Dungeons & Dragons is set in a fantasy world that draws on our own worlds history for inspiration. Sprinkle in some folklore and we have the role playing game we know and love. However, when we look at our historical world and even events that are transpiring right now in the world, we realize that there are some glaring differences. From race to gender roles, poverty to crime there are many issues that could be explored and discussed through the narrative of the story. Should D&D, through the role playing that is a core component of the game, deal with these are other social issues?
Role playing is not just the domain of gamers, it is very prominent in the real world as well, we just aren’t always aware of it. Trial lawyers frequently practice or role play how they will question witnesses. They want to ensure that they ask the right questions and the individuals pretending to be witnesses often provide uncooperative response to force the lawyer to think quickly on their feet. Police forces and the military engage in a different sort of role playing when they practice drills or mock combats. This is to ensure that each member of the unit knows what they are responsible for at any given moment. It might not be role playing in the traditional sense, but it does have some similarities. Most businesses that are in the customer service sector also feature role playing in their training, so employee’s can properly deal with upset customers and reach a desired conclusion. In essence we all probably engage in role playing more than we are aware of.
The Middle Ages, where much of D&D draws its inspiration from, was a violent time. It was repressive and allowed for few opportunities for those outside the ruling elite. Even women that were members of the ruling elite did not enjoy the same privilege as men. There are notable exceptions (Joan of Arc and Queen Victoria I’m looking at you), but for the most part this was the norm. Yet, when we play D&D male and female are considered equals. The only difference is seemingly the way we now describe the character from a physical perspective. Yet D&D has many female characters who break the mold of the historical roots of the game. Alustriel Silverhand and The Simbul are probably two of the most prominent female characters in the Forgotten Realms (not to mention the rest of the Seven Sisters). Strong female characters that break the mold.
Is this an opportunity to focus on the plight of women who don’t enjoy the freedoms that we in western society have? Is it an opportunity to celebrate the advances in equal rights that we enjoy? Should we actively incorporate aspects of this narrative into our games?
The topic of racism and D&D is not a new one, it does however continue to be one that receives continued debate. This post from Critical Hits on Dungeons & Dragons and Racism while a few years old hits the highlights of the debate. I’m not going to rehash the arguments on racism in the game here, however I would encourage you to read the post from Critical Hits. It does raise the question of whether issues of race should be discussed at the game table. Should a DM design encounters that force the players to deal with the issue in one way or another?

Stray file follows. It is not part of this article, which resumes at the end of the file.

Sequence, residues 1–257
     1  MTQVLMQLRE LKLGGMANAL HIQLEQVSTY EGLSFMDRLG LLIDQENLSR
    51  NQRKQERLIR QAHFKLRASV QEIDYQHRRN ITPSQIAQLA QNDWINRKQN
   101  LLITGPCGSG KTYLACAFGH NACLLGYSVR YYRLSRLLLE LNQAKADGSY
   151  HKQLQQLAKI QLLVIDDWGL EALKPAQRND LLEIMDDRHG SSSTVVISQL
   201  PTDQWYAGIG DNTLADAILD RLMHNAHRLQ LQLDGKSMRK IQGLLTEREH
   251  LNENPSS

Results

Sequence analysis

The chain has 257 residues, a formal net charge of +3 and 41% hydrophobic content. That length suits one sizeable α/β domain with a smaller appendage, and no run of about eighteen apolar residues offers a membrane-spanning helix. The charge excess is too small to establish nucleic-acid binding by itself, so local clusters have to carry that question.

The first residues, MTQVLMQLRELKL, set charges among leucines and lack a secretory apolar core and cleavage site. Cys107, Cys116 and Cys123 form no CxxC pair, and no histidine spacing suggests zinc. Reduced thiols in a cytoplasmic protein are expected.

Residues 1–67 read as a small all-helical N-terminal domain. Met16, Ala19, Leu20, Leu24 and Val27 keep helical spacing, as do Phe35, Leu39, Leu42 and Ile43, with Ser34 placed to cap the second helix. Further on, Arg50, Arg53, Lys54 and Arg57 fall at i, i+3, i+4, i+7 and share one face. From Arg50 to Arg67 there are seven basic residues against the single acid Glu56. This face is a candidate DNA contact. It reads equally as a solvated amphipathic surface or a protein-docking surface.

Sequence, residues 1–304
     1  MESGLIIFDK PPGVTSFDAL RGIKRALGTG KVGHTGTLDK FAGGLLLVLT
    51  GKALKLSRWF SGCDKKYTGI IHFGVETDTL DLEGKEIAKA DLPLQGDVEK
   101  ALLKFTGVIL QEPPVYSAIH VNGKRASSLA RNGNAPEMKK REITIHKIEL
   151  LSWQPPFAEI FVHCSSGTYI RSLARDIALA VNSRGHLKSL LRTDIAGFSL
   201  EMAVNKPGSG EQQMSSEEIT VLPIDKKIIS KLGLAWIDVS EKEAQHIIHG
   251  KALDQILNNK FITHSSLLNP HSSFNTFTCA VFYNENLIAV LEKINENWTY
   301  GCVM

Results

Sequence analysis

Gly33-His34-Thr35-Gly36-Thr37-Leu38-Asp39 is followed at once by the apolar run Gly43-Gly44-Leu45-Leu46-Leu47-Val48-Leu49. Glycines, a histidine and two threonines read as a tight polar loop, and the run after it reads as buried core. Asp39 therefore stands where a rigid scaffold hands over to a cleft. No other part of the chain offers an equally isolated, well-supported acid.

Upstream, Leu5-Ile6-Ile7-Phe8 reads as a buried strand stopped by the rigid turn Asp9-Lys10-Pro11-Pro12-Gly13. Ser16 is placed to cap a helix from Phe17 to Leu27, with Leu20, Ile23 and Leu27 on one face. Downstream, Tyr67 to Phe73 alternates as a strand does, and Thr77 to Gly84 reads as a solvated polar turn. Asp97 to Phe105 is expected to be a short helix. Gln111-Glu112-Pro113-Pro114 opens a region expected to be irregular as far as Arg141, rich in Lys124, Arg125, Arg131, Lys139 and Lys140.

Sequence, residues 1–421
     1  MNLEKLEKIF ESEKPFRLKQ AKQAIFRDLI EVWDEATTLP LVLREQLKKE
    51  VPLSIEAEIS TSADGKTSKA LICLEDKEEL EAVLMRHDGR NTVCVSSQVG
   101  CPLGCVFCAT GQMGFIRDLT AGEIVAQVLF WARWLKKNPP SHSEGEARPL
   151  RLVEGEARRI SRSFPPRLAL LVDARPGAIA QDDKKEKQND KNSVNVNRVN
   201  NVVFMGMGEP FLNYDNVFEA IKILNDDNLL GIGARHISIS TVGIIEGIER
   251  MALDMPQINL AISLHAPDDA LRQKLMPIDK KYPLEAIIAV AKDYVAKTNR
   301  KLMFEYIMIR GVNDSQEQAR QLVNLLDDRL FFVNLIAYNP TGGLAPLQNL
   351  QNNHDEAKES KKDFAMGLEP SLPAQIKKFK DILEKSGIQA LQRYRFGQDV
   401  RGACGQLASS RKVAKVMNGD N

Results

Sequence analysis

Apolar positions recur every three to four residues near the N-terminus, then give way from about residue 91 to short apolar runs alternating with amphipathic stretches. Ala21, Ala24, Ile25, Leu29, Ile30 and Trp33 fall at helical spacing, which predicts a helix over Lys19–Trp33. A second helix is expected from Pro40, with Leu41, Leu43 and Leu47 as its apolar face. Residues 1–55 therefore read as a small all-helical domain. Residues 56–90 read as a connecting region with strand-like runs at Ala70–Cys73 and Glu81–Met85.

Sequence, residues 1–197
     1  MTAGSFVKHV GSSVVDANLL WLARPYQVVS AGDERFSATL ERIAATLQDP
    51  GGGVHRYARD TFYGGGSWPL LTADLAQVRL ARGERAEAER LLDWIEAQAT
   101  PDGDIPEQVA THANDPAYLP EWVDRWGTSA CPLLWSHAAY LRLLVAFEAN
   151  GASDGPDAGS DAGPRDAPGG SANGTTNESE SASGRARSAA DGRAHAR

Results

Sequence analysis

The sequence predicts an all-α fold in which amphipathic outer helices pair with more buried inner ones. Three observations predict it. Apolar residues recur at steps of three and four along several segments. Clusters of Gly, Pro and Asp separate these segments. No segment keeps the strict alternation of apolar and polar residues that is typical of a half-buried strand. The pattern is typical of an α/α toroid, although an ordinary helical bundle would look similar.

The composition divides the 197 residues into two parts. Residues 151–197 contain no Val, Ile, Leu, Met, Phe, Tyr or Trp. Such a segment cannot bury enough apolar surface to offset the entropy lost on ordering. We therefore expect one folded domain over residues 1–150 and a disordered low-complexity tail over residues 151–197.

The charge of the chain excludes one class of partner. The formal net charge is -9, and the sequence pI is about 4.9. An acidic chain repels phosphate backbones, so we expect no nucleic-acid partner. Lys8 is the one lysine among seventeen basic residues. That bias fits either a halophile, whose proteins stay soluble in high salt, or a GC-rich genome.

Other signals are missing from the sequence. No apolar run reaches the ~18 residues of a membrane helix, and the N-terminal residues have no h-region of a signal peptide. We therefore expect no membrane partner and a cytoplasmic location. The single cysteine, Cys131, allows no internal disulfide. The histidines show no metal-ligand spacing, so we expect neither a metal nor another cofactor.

Slavery is another topic that comes up in various D&D games. The heroes are required to go and free some slaves from an evil warlord. In today’s world we know that slavery is wrong and you wouldn’t find a sensible person saying otherwise. However, it wasn’t long ago where slavery was considered a normal part of life. Go back far enough in history and some slaves actually enjoyed a better way of life than some citizens.
Should our D&D games deal with this ugly aspect of our history or are the social aspects of it best left unexplored as we take a high level view of things?
The mechanics of D&D are such that any problems or difficulties are handled through either combat or a skill challenge. Our games don’t often dig deeply into the issues surrounding our quest. Perhaps it is because we don’t want to deal with these issues at the game table and perhaps it is because D&D is not the proper forum to deal with and discuss these questions.
Individuals who play D&D are well versed in what is and isn’t acceptable in the world. We don’t often actively engage in the conversation, mostly because when we play D&D it’s during our down time. However, many of the quests that our characters accept do deal with social issues. The Paladin class is often stereotyped about not leaving an evil unchallenged, constantly getting the party into trouble by taking on those who would disregard the rights of others.
How do we as players of this game reconcile these and other societal issues? Should we address them in game or are we better off ignoring them? For my part I’m not sure that an active discussion in game is necessary. We get enough of that during the rest of our week. However, I do think that games that incorporate these challenging issues into the story as plot points make for more interesting adventures. These adventures also create more dynamic role playing situations by forcing players to think about the consequences of their actions.